Kyle Long
When I was finishing up a chapter, the novel was mentioning finances and the millions of dollars can put a complexion on a situation. I then came across a term called KPI matrix on page 18. I searched the web for the definition on the concept and it came up as “key performance indicator” (KPI). The term stands for a measure of performance which is commonly used to assist an organization that define and evaluate how successful it is. It allows the organizations to promote long term organizational goals towards progression. The book uses the term as a scale for the money being demanded by Hackman and that even a robbery wouldn’t make the performance meter of the KPI matrix but the amount of money desired would have to the probability of being political.

David Weiss
As for the terms, it's a piece of cake for me to understand them. What I don't understand is what the heck is happening in the book. It's like skipping around way too much that it confuses me whenever I read a new chapter. I've often found myself backtracking just to remember what's going on. What's even worse is the fact that the book puts me to sleep. I'd rather rewatch ExistenZ then have to put up with this book, no offense intended. It also annoys me how books of the gamer genre use illogical and/or unnecessary actions within the book's game world. Why the hell did they need an army to rob a in game "bank". Hello, that's what hacking is for, duh.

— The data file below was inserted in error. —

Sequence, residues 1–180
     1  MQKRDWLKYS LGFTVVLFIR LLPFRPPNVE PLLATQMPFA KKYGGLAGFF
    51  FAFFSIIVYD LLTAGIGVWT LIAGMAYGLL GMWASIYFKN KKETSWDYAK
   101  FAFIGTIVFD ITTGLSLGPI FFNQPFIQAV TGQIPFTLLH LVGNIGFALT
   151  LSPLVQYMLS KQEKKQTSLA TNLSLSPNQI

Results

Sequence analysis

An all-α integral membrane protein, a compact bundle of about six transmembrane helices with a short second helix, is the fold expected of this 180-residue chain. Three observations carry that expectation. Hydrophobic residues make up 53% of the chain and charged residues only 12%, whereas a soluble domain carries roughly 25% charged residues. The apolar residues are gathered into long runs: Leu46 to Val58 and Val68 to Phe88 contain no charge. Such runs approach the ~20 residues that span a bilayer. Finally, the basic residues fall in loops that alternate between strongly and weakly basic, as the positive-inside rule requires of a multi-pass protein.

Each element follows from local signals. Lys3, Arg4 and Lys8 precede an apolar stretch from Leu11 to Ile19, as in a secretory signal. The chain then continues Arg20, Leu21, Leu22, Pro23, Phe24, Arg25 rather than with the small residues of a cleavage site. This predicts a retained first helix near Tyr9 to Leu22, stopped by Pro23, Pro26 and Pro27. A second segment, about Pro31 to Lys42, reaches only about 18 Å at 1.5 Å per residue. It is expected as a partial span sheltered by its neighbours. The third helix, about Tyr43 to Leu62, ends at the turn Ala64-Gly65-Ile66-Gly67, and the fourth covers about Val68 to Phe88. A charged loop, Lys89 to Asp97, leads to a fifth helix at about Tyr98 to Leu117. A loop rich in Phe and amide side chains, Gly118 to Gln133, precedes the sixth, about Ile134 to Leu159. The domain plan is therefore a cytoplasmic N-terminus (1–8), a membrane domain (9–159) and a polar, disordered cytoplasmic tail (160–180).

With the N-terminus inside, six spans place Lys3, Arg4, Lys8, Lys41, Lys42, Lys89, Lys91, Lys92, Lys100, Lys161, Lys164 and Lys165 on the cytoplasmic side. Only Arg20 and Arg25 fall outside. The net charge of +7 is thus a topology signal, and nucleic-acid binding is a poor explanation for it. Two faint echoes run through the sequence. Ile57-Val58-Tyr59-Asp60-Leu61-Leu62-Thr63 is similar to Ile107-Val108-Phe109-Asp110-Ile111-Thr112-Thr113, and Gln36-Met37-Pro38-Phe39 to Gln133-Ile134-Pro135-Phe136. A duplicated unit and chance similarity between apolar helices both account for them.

Alvaro Giorgetta
Global Hegemony: I wasn't 100% sure what this meant. At first I thought it meant the struggling for global domination. But when I looked it up online (wikipedia to be more accurate) I found out that I was absolutely right! . Hegemony comes from the greek word hegemonia and means leadership. By the way I have to agree with David this book is very confusing!

David Noonan
Throughout the book thus far, the author uses acronyms without explaining them. This happens most often in the chapters from Sue's perspective. The first time that one of these acronyms comes up is almost immediately - MOP is used without explanation on page 4 of the book. Also, the speech used by the characters is entirely too frustrating to read, especially since they apparently talk that way in their heads too.

Peter Quattrociocchi III
This is much like Snow Crash, a book we had to read for another class. Words and or/ acronyms appear that are not of the English dictionary. However, there is enough context surrounding the use of the word to give an understanding of how it is used.

Andrew Montgomery
I agree with you Peter, most of these types of books have acronyms that are not part of our "English dictionary," I beleive James noted out a word that I also found on page 21. "Shunt." Now knowing it had to do with a car accident, I investigated the word some more. "to shove or turn (someone or something) aside or out of the way. "....."to sidetrack; get rid of. "......."to move or turn aside or out of the way.", as James said there is tons of meaning to the word, however considering the car crash we can use our own imagination on what exactly happen from the meaning of the word. As I look through the novel there truly is alot of words that we might not understand, however when we look up the meaning we can get a better idea of what happen in the text.